Image
Crop of full photo -  Bren-carrier platoon leads the Maori Battalion into Tripoli, 23 January 1943.  Sgt Te Whiu Purei (standing) and Charlie Mohi, seated.

 

 

Te Tohara (Charlie) Mohi grew up in Pakipaki.  He embarked for war in 1941 and served with the Maori Bren-carrier platoon. 

In this final recording, Charlie recounts the first time he saw his wife and his warning to his comrades that they were to stay away from her. 

Charlie finishes his interview with an acknowledgement of his comrades who died in the war and those who returned who had also passed on.

Transcript

Taku taenga mai, i te po i tae mai e au, ka kite au i taku hoa wahine (kata).  Ka korero atu au ki aku hoa, “Ka kite koe tera – naku.  Kaua koutou, kaua koutou e whakatata atu ki tera, naku tera.”
“A, ko wai hoki te ingoa?”
“E, kare hoki e mohio, maku e kite e korero atu au.”
A, whakaaro pai tonu mai aku hoa kua waihongia taku, taua kotiro nei maku.  A, engari ko nga ahua i riro mai ki au, ei, ahua pai tonu.  Ka karanga atu au ki te kotiro, “Haere mai, kei te haere koe i taku kainga ki te kai.”
“Kare rawa atu, kare e mohio i a koe!”
“Kei te pai, haere koe ki te kainga ka mohio koe i a au.”

Mai ra ano ki tera wa ki tenei wa, ko taku hoa wahine tenei. Engari ko nga korero, ki au inaianei ko nga mea whakakatakata noa iho.  Kei reira ano nga mea kino, engari koira, ki oku whakaaro inaianei kua tapu.  Ki nga mate o aku hoa, ki a ratou ma i hingahinga mai i reira.  Ka hoki tonu nga whakaaro i etahi wa ki a ratou, engari ko nga mea ngahau kei te mau tonu.  Kei te mau tonu era, engari waihongia.  No reira, akuni pea me mutu nga korero o tenei.  Ko aku hoa, i hoki mai ai matou nga mea o Ngati Porou, te nuinga o ratou kua matemate katoa.  Katahi tonu i tera tau ra, etahi o ratou, koinei nga tino hoa i mohio ai au i te wa o te pakanga.  A, me waiho i reira, kia ora tatou. 

Sound file from Sound Archives Ngā Taonga Kōrero. Any re-use of this audio is a breach of copyright. To request a copy of the recording, contact Sound Archives Ngā Taonga Kōrero. (45018).  Any re-use of this audio is a breach of copyright.

Image
Crop of full photo -  Bren-carrier platoon leads the Maori Battalion into Tripoli, 23 January 1943.  Sgt Te Whiu Purei (standing) and Charlie Mohi, seated.

Paton, Harold Gear, 1919-2010. Maori Battalion, with anti-tank gunners and a Bren carrier, on an Italian Road leading into Tripoli, during World War 2 - Photograph taken by H Paton. New Zealand. Department of Internal Affairs. War History Branch :Photographs relating to World War 1914-1918, World War 1939-1945, occupation of Japan, Korean War, and Malayan Emergency. Ref: DA-02871-F. Alexander Turnbull Library, Wellington, New Zealand. http://natlib.govt.nz/records/23069449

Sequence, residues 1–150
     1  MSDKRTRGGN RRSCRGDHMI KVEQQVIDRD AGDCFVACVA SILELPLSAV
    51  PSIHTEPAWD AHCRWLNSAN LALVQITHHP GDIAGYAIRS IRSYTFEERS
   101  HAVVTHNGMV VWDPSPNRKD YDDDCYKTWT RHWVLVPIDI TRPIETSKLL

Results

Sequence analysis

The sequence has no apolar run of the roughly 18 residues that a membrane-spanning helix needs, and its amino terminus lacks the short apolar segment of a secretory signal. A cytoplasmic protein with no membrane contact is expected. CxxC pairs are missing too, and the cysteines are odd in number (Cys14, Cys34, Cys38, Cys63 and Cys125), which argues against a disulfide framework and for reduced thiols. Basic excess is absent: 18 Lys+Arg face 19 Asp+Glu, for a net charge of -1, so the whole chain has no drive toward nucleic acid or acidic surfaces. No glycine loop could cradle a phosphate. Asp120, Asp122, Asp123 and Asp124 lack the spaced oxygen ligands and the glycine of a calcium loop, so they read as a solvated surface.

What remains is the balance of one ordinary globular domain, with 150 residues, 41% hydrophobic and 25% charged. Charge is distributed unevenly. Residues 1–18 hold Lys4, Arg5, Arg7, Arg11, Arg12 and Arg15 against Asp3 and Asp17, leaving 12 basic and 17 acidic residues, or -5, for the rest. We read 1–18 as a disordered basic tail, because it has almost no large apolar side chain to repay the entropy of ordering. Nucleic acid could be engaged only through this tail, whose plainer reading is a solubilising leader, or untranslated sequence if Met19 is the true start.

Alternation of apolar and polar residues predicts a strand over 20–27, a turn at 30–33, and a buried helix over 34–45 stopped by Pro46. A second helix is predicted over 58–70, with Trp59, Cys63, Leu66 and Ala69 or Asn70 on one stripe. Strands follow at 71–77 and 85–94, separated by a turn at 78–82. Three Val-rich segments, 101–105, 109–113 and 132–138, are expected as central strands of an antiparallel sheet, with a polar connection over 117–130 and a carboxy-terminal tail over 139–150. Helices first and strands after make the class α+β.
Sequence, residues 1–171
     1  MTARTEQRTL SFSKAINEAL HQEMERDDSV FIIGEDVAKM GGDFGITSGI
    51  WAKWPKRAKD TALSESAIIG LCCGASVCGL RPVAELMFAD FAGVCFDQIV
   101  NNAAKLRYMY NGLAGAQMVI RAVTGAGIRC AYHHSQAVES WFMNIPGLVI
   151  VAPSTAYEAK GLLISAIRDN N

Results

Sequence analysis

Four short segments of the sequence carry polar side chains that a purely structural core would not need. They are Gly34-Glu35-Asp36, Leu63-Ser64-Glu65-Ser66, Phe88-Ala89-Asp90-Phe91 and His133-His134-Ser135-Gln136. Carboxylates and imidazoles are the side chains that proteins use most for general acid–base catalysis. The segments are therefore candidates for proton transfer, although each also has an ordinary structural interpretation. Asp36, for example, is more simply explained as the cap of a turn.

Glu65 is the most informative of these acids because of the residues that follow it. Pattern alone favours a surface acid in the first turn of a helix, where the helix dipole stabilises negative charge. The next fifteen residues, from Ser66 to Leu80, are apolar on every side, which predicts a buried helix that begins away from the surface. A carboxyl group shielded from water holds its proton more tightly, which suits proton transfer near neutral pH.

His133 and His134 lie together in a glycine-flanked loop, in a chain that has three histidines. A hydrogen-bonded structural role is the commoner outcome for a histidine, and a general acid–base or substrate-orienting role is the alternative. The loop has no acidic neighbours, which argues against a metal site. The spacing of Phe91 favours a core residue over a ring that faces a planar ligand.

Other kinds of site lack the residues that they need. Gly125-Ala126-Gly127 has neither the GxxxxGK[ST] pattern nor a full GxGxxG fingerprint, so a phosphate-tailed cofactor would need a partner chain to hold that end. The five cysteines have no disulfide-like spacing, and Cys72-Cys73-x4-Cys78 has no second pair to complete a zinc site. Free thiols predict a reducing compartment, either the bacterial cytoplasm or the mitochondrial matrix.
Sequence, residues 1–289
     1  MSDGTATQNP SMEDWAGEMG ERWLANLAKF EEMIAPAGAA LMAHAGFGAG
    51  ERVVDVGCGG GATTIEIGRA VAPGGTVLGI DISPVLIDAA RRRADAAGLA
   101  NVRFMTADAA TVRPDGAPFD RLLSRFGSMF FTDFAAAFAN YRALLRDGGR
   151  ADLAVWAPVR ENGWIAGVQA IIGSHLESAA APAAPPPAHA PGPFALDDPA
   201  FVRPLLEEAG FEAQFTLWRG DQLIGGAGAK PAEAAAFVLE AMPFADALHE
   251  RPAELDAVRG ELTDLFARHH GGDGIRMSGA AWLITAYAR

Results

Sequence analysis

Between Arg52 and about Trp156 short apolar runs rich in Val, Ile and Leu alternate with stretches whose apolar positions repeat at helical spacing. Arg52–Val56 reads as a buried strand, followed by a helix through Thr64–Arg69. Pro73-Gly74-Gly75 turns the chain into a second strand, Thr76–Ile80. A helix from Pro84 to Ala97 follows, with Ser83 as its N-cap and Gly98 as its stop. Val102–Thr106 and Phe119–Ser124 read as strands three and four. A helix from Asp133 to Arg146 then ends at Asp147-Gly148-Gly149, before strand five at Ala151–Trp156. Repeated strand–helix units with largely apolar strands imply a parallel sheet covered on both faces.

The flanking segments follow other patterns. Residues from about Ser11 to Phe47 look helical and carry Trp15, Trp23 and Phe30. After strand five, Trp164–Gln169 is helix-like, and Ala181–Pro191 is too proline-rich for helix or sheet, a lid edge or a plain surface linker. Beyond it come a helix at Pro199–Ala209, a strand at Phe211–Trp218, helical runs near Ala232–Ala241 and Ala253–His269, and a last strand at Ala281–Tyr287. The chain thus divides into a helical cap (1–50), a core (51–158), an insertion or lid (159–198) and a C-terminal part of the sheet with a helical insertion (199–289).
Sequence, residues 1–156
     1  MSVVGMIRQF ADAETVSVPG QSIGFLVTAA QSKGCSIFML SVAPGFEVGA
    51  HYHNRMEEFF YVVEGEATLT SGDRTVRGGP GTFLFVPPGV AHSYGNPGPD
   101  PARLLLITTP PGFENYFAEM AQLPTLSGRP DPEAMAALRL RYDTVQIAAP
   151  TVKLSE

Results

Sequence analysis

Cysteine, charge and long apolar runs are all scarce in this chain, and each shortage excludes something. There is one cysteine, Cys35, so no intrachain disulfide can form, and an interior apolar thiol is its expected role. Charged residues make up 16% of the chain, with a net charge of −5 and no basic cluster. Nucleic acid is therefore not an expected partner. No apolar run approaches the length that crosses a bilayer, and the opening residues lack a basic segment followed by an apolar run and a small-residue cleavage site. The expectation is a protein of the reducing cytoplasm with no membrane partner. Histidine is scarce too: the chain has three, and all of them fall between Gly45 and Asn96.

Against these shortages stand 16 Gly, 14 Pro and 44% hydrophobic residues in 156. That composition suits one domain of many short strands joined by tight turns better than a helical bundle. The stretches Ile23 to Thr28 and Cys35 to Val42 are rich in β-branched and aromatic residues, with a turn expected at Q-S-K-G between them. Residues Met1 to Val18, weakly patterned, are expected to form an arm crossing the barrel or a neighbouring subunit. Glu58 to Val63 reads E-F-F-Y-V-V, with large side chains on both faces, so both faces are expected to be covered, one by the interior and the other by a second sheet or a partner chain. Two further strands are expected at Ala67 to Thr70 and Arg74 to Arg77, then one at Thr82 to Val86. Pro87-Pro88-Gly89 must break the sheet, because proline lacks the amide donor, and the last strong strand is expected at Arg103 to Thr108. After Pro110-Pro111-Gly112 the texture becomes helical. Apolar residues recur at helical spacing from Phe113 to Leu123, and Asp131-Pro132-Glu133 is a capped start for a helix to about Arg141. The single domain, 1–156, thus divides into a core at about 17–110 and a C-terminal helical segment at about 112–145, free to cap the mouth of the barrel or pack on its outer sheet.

See the full photo here.

Major Tiwi Love speaks on behalf of the 28th Māori Battalion at the launch of the HMS Maori.

Major Love:  Commander Jonas, Ships Company, ladies and fellow officers, other ranks of the 28th Māori Battalion. I’m very sorry indeed that our Colonel has not been able to come down and accept this emblem on behalf of the 28th Māori Battalion but he has delegated me to accept the same on behalf of our Battalion.  He assures me that as soon as we are able to get back to the Battalion again it will be presented at a full ceremonial parade of the Battalion, wherein, whereat we hope that some member or members of the HMS Maori will be present.  We the 28th Māori Battalion, members of the 28th Māori Battalion, and I’m sure other members of the New Zealand Expeditionary Forces, including our nursing service who have come on this ship today, feel very highly honoured and we feel that we have at last put our foot again on New Zealand after being away so long.  On behalf of our Colonel and the officers, Warrant officers and other ranks of the 28th Māori Battalion – I thank you Sir.  Before concluding Sir, we feel that we are bound on account of our foulings around in the Libyan Desert, we have one or two souvenirs, the 28th Maori Battalion seem to be well known for souvenirs, and on the occasion of the 26th of November (1941), Rommell unfortunately was able to get out of Halfaya Pass, but he came up against B Company of the 28th Māori Battalion who captured one of his staff cars and in it were a lot of these flags.  We hope that you will accept this from the 28th Battalion as one of the souvenirs of war.